Thursday, 25 April 2019
MOBILE TELECOMMUNICATIONS DEPLOYMENT NEWS, ISSUES AND SCIENCE

UK residents still opposed: suspected cancer cluster near mast not found


 

Sandwells Tower

    Study found 15 local cancer cases could not be  attributed to this Orange mast near Meryhurst Road.
     

 

Local residents of a small market town in the UK’s West Midlands have vowed to fight on after an investigation, by the area’s health chief, failed to link a mobile phone mast with nearby cancer cases.

 

Families in Wednesbury called for the probe amid growing concern about their health after Orange installed a mobile telephone base station near the town’s cricket ground in 1997.  
 

They were concerned too many residents from one street, Meryhurst Road, had cancer since the installation of the mast at nearby Wood Green Road cricket ground.

 

Wednesbury is in England's Black Country – called this because of the pollution from heavy industries during the industrial revolution covered the area in black soot. It is part of the Sandwell metropolitan borough in West Midlands, near the source of the River Tame.

 

Sandwell's director of public health, Dr John Middleton conducted the investigation along with Antony Stewart, Professor in Public Health at Staffordshire University and others. Perspectives in Public Health published their report  online late last month.

 

The researchers collected information from residents’ medical records and spoke to their treating doctors. They also collected the West Midland’s cancer incidence and mortality data, over the relevant period.

 

The report found 15 local residents had developed cancer, but this was not a cancer cluster because they were a diverse mix of relatively common cancers.

 

“Although the age range for residents with cancer in Meryhurst Road appears younger than may be generally expected, the cancer incidence rates in Meryhurst Road are not significantly higher. They are within expected numbers calculated in small populations,” the researchers said.

 

Of the cancers recorded in Meryhurst Road since 1974, most occurred before the mast installation and cannot be attributed to the phone mast at Wood Green Road cricket ground, the researchers said.

 

“There is no evidence to implicate the phone mast as a cause of any of the cancers which have occurred,” the researchers concluded.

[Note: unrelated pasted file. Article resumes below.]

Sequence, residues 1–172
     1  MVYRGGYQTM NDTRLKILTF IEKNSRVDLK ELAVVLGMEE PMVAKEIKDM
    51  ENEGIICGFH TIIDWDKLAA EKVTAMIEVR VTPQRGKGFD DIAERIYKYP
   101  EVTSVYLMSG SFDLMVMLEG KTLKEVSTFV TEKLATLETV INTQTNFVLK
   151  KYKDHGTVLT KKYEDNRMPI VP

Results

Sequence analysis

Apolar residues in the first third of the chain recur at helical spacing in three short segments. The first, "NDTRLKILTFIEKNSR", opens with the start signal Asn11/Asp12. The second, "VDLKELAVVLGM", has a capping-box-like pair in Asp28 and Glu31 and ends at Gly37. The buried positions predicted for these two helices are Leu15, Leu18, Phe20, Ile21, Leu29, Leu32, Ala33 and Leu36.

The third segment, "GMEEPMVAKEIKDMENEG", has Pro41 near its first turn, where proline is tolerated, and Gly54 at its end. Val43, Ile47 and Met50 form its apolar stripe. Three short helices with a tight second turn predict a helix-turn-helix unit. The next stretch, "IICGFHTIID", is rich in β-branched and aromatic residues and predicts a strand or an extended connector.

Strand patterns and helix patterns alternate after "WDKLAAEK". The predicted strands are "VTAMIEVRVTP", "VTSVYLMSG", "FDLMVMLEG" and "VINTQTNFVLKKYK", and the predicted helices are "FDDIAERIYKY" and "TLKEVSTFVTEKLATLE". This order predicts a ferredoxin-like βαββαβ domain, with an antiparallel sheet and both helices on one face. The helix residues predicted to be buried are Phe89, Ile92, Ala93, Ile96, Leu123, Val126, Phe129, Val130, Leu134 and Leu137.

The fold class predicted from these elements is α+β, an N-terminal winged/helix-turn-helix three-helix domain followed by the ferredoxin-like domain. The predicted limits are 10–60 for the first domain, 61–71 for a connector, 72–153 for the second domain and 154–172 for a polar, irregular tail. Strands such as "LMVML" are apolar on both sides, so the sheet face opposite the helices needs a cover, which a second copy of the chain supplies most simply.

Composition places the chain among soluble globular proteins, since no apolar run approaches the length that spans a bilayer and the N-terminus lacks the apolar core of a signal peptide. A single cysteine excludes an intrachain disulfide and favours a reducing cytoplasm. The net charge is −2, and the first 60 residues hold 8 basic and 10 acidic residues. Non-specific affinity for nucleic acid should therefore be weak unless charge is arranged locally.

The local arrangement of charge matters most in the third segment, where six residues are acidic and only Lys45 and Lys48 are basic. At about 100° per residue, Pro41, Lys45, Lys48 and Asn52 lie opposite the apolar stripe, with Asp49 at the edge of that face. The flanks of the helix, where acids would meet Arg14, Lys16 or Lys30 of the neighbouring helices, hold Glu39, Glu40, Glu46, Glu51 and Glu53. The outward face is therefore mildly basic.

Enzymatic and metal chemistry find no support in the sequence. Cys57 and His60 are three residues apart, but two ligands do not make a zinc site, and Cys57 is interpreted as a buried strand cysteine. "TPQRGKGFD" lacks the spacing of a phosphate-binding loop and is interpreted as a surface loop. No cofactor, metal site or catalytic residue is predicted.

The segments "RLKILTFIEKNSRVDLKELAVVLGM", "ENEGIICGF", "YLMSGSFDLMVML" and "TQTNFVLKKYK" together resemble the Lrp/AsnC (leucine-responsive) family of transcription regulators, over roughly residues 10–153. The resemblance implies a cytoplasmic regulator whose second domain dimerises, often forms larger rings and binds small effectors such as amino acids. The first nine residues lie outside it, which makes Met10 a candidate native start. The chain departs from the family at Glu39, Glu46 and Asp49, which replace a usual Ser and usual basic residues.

Despite the finding locals told local newspapers they would continue to oppose the base station.

 

AMTA Chief Executive Officer, Chris Althaus, explained the public often falsely suspect a cluster when they see several neighbours diagnosed with cancer, because unfortunately cancer is not as rare as people tend to believe. 

 

“Even though they all share the common name ‘cancer’, they may actually include a diverse group of diseases with different causes,” Mr Althaus said.

 

“Also, the public’s perception of a cancer cluster is that a common environmental source is the likely cause of the disease, whereas the possibility of cancer clusters occurring by chance alone is quite high.” 

 

“Each year cancer registries in the United States receive more than a 1000 requests to investigate suspected cancer clusters.  Research has found that most of these requests were based on assumptions from the public and not on any statistical analysis or knowledge,” Mr Althaus said.

 

In a similar case, the residents of the town of Cranlome in Northern Ireland believed there was an unusually high incidence of cancer around a 150-foot transmission tower that they destroyed in 2002. 

 

However, the Northern Ireland Cancer Registry investigated the claims and found the town did not have statistically higher rates of cancer than the whole District or Northern Ireland.

 

The WHO has pointed out that: “Given the widespread presence of base stations in the environment, it is expected that possible cancer clusters will occur near base stations merely by chance.”

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